When they offered you the treatment for your stage of disease, you were excited to start the treatment because you want to get rid of the cancer. How did they offer you possible entry into the focused ultrasound clinical trial? What was your deciding factor to enter it? 
They explained the randomized control trial had one arm that added partial focused ultrasound ablation to the chemotherapy regimen and one arm that did not receive the focused ultrasound treatment. For me, when I thought about it, it did not affect the timeline for my treatment. In my mind, there was no reason not to participate, because information gained from the research could be helpful to someone else going through what I had just started. There was no addition to the timeline. There was nothing that was going to be painful or disrupt getting to the next step. So, it seemed like a like a no-brainer. 

Some people say, “You’re too young for breast cancer. I can’t believe this happened!” And then you talk to someone else who sees it every day, and they are like, “No, we see this a lot. A lot of younger women get cancer. It does not wait for a certain age.” Cancer does not have a mind to wait for when it’s an appropriate time. It would never be appropriate. So, I wanted to be a part of helping somebody out down the road – with their decisions, with their timeline, making it easier. It is unfair. There is a line in The Princess Bride that says, “Life isn’t fair…Anybody who tells you different is trying to sell you something.” For me, it just seemed like a no brainer to help other people if I had the opportunity to help – and to do it with little pain and disruption.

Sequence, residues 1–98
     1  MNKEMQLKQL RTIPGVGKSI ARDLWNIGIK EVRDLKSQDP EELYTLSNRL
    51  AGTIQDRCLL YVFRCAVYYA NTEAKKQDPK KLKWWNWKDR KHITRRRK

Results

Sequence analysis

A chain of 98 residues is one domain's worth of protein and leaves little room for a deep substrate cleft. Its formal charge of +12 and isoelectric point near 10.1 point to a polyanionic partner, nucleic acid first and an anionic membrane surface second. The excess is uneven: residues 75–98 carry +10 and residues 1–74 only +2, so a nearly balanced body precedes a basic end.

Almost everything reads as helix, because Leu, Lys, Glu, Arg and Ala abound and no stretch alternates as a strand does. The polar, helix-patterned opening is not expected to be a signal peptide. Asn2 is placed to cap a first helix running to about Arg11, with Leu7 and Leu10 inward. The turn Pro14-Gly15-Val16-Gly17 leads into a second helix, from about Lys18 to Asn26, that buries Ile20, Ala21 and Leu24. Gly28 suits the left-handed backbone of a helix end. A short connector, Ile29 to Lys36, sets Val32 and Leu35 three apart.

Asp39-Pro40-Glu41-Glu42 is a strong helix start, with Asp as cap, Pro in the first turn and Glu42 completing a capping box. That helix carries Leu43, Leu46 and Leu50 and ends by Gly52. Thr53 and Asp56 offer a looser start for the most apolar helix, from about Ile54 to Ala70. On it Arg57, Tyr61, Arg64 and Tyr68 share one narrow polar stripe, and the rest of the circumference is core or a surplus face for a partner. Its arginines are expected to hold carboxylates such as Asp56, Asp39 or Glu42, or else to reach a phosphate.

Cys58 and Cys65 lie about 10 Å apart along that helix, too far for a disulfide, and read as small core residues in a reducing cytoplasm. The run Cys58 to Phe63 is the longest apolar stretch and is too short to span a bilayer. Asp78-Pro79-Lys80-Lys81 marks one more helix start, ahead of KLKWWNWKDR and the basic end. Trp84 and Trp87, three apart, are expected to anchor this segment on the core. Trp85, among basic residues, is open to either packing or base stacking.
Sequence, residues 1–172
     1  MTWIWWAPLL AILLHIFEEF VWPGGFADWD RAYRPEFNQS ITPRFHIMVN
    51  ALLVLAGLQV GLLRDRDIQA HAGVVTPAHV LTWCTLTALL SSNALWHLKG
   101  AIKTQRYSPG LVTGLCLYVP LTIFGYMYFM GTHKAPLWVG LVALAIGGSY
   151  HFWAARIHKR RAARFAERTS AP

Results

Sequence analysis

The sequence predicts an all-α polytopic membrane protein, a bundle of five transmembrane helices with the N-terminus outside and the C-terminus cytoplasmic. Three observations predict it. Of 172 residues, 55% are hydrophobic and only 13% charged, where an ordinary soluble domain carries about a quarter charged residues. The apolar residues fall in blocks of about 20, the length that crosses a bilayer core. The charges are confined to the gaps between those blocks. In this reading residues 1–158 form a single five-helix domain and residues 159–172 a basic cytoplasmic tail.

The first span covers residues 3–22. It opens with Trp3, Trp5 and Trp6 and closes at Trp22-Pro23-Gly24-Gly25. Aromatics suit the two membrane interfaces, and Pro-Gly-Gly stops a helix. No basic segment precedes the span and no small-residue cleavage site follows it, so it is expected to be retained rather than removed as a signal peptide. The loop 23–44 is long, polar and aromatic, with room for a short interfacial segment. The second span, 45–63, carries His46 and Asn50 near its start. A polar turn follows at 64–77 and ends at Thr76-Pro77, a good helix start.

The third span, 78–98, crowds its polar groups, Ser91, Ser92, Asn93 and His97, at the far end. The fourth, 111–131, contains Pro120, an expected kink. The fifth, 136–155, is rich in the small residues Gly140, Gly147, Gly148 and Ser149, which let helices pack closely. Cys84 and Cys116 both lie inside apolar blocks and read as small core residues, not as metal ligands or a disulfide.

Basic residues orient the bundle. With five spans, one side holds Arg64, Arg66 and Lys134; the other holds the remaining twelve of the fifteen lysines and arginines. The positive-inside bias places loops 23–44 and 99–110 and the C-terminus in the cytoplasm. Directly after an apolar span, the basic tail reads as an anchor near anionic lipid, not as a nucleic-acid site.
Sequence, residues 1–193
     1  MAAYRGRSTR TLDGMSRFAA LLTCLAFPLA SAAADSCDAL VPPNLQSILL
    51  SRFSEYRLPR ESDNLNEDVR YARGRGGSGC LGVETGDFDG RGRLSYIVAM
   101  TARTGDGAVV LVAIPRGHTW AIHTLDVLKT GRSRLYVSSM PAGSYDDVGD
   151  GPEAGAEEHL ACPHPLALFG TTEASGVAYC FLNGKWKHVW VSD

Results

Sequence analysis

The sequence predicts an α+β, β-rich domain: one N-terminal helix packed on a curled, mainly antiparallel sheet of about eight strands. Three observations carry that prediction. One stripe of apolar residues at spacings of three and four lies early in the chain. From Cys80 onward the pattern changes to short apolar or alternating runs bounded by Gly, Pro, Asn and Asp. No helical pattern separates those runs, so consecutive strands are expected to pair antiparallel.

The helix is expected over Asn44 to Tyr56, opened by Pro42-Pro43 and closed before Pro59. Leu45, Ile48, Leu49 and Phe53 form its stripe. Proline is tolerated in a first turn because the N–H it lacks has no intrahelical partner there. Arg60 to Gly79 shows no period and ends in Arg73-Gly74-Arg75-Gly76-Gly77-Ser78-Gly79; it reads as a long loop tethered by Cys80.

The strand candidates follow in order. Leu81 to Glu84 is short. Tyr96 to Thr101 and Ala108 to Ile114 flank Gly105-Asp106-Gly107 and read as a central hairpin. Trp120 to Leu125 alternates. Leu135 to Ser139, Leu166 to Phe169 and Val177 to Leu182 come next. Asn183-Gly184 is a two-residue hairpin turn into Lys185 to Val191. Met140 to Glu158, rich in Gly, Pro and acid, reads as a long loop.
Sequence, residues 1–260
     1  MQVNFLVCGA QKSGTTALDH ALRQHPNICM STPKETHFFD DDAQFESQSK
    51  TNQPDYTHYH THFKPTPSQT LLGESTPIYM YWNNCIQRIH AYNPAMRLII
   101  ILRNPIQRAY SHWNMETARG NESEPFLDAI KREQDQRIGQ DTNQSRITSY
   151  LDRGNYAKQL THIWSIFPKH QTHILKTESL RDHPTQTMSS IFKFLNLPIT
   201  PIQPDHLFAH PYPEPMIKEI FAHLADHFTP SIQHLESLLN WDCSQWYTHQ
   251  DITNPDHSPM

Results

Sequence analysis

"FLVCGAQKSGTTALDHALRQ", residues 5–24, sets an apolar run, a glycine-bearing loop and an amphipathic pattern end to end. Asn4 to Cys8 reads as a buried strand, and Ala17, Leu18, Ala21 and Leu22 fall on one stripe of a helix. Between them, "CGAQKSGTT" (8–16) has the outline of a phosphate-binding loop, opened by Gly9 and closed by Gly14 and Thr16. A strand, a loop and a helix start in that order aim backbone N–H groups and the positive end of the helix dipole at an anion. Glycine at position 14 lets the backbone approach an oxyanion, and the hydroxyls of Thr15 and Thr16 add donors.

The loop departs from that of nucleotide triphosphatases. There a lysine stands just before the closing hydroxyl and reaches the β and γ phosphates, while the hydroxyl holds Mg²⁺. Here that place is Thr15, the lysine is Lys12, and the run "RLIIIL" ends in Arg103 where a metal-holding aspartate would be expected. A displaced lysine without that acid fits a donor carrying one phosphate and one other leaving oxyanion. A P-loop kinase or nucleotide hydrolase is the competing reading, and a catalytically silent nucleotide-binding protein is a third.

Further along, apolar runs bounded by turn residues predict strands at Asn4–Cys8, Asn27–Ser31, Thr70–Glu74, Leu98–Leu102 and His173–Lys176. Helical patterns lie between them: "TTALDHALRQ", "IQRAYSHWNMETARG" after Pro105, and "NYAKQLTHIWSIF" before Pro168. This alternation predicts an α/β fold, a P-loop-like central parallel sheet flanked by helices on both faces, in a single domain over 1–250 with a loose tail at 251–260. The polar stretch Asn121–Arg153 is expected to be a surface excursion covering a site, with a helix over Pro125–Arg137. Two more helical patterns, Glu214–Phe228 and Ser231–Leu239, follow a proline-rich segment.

As a breast cancer survivor, I am appreciative that you took part in this trial. Your courage and determination are amazing. I hope for both of us, as well as for breast cancer patients that are currently undergoing treatment and those who will get diagnosed in the future, that focused ultrasound can offer another treatment alternative and decrease the side effects from the chemotherapy. Thank you so much for your time, and I hope that we can keep in touch. 
Thank you for allowing me to speak my voice and share my journey. It is really important for women to continue to be a part of the journey for generations to come. I want to make the future a little bit better. Getting breast cancer is shocking and challenging mentally, emotionally, and physically. Making it better for somebody else makes me feel better while I am going through it. This trial offered me purpose through pain. That was a huge mental gift. Thank you for selecting me and allowing me time to speak. I think it is really valuable, and it helps me move on. 

Watch the Webinar Featuring Kristina: Focused Ultrasound and Breast Cancer